Chrome: What the World is Saying

September 3, 2008 by  
Filed under All, PR

OK, this maybe something of a cheat, but I have a good excuse. I had fully intended to download Google’s new browser Chrome yesterday, test it out and write up my thoughts, but with that hurricane looking like it was heading directly for my house, I had more pressing matters.

Now Chrome has been available for almost a complete day, the Twitterverse, the Blogosphere and maybe even some people in the real world, have had a chance to chime in with their thoughts. Which leaves me wondering what I can really add to the conversation with just a brief test time.

So, not wishing to seem redundant, I thought a round-up of reactions might actually prove more useful.

History

Wired pretty much has the definitive article about how Chrome came in to being, Inside Chrome: The Secret Project to Crush IE and Remake the Web. Highly-respected tech journalist Steven Levy gives a birds-eye view of the whole project, from its beginning to the actual release. Includes some interesting stuff – would you believe that Google actually, um, ‘fibbed’ about building their own browser?

“After a 2004 New York Times article quoted “a person who has detailed knowledge of the company’s business” saying a browser was in the works, Schmidt had to publicly deny it.”

Hmm…

How it is Different

The most current versions of browsers have been improvements upon older versions, but those older versions were for the original www – not today’s web of applications, JavaScript and ‘constant connectedness’. Google wanted to rip it up and start again:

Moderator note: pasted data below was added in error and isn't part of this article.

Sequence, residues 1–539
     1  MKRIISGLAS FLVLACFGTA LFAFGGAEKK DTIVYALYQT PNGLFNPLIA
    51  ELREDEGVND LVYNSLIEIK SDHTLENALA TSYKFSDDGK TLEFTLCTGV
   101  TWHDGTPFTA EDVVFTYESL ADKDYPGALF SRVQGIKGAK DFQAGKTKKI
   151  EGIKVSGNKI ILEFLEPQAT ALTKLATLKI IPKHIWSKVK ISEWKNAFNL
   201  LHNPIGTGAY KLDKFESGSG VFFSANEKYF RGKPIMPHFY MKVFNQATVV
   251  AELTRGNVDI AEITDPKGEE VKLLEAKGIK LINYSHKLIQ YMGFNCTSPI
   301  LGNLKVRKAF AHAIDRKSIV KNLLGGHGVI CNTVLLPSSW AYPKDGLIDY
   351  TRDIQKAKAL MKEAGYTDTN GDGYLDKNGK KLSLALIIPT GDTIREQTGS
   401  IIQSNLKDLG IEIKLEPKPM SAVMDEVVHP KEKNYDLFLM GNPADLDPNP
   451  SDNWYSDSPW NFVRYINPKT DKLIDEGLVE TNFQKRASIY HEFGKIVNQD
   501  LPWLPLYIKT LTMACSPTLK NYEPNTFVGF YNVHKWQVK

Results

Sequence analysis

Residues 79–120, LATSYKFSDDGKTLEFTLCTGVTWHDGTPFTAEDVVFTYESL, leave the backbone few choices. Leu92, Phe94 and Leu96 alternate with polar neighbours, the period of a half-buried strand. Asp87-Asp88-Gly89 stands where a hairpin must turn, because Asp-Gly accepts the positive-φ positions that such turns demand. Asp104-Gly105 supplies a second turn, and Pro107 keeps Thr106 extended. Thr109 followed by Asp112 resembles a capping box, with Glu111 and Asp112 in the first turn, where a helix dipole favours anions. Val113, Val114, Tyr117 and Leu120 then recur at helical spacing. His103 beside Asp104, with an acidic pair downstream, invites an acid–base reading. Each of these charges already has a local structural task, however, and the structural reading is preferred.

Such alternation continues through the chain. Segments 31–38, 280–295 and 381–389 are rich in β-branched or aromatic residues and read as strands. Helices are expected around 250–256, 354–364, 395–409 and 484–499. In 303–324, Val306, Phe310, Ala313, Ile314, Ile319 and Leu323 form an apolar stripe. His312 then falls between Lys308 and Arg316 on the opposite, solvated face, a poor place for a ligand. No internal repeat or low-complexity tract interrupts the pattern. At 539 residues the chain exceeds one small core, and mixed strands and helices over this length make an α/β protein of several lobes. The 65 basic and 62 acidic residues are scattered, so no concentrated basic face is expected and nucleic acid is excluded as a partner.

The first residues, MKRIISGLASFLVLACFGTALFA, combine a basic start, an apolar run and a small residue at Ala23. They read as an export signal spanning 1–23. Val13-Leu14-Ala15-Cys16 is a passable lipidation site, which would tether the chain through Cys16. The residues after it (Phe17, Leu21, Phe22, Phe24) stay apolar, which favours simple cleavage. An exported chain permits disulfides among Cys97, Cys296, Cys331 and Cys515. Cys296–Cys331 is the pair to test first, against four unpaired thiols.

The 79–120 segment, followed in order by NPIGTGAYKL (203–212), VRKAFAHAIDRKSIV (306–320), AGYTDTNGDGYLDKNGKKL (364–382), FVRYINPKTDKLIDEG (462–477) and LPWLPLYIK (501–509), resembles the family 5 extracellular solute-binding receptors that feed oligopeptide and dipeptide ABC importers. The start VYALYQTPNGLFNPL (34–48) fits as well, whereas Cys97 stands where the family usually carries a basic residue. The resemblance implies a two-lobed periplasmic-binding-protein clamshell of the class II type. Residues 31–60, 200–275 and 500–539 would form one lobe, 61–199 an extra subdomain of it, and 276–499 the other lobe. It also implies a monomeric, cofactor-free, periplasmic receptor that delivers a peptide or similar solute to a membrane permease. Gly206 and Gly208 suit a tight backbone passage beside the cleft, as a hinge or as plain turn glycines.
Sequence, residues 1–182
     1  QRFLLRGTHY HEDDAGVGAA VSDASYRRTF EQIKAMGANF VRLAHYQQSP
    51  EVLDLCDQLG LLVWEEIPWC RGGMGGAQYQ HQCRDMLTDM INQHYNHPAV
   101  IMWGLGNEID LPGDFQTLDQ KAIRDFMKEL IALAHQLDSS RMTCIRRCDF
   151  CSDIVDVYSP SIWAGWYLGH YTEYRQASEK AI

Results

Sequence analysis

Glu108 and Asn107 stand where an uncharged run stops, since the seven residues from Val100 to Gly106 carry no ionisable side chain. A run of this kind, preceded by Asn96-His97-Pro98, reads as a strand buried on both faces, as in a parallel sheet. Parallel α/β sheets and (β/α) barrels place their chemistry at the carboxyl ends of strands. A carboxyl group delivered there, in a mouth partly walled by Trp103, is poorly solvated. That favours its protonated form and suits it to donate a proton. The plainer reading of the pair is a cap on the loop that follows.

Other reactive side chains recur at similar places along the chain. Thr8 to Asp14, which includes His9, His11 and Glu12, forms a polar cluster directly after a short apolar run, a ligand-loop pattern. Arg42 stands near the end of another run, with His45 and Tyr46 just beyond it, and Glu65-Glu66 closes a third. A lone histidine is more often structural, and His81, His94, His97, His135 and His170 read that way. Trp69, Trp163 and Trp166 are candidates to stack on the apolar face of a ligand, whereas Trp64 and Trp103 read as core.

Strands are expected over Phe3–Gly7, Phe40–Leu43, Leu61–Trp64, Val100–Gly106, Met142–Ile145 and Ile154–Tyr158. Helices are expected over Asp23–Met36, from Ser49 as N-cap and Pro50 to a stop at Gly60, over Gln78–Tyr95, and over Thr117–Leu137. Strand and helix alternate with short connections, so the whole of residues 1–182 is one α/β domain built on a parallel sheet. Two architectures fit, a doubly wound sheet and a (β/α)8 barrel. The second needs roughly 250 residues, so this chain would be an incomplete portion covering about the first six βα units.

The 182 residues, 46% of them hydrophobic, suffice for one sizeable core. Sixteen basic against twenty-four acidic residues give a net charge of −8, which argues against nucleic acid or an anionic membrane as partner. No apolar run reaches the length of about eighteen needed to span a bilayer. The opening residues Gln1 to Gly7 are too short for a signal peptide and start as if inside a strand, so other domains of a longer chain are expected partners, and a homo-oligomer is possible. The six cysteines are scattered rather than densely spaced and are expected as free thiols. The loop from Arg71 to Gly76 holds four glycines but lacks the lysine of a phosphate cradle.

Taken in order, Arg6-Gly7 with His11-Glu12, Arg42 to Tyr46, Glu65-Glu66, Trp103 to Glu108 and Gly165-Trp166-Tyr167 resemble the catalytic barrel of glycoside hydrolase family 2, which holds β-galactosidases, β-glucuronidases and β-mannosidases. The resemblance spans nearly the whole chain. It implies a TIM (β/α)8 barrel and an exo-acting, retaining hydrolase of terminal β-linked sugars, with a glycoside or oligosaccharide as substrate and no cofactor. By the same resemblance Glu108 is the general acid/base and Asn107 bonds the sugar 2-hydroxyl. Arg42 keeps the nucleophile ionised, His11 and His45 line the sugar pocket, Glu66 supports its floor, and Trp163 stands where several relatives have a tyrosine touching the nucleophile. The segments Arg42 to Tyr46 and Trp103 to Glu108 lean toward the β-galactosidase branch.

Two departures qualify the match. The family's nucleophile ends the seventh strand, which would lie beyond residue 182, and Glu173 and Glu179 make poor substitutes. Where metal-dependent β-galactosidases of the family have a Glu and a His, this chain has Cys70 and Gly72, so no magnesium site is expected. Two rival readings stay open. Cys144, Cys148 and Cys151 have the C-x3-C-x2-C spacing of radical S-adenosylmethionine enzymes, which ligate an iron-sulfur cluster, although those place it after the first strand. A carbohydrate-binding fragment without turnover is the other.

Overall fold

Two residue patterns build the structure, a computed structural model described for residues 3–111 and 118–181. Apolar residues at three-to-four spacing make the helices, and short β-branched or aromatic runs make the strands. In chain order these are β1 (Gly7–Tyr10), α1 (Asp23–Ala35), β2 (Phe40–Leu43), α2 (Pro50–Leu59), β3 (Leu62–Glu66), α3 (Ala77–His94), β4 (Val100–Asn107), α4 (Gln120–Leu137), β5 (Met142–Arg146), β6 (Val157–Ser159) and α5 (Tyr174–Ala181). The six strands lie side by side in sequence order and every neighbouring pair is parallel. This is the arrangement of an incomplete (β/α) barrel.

“All of us at Google spend much of our time working inside a browser. We search, chat, email and collaborate in a browser. And in our spare time, we shop, bank, read news and keep in touch with friends — all using a browser. Because we spend so much time online, we began seriously thinking about what kind of browser could exist if we started from scratch and built on the best elements out there”

I Feel the Need – the Need for Speed!

You bank online. You check your email on line. You work, live and play online. So speed is a bigger and bigger issue. Chrome is certainly a step up, at least according to Jof Arnold:

Many others are saying the same thing. Techcrunch found that,

“After just ten minutes of jumping from site to site, I was amazed by how quickly I was able to get around. And unlike some browsers (I won’t mention any names), opening a slew of tabs doesn’t matter — it’s just as fast with or without tabs.”

Hicks Design call it “fast and nimble. In a Camino way”, Eamon Costello says it’s “seriously fast” and, at the time of writing, there are about 5 tweets a minute with the search string, “Chrome is fast”!

So, let’s assume it’s new and it’s fast – what does this mean?

It’s Google vs Microsoft

Chrome is obviously another shot at Microsoft. Which is why Google waited until they were dominant enough to really challenge in the browser wars. Clinton Skakun is rooting for an IE-Killer:

“Hopefully this browser reaches the eyes of enough IE6 and 7 users. If it kills IE it was all worth it!:D When it’s all said and done, we might just have a Internet Explorer Killer on our hands:) If it doesn’t kill IE, maybe it will cause a slight shrink their user base.”

But Hank Williams isn’t so upbeat:

“Microsoft has been fighting the browser wars with spitballs and plastic knives and they are still beating Firefox handily. So Chrome, from a business perspective, for the foreseeable future, is totally irrelevant.”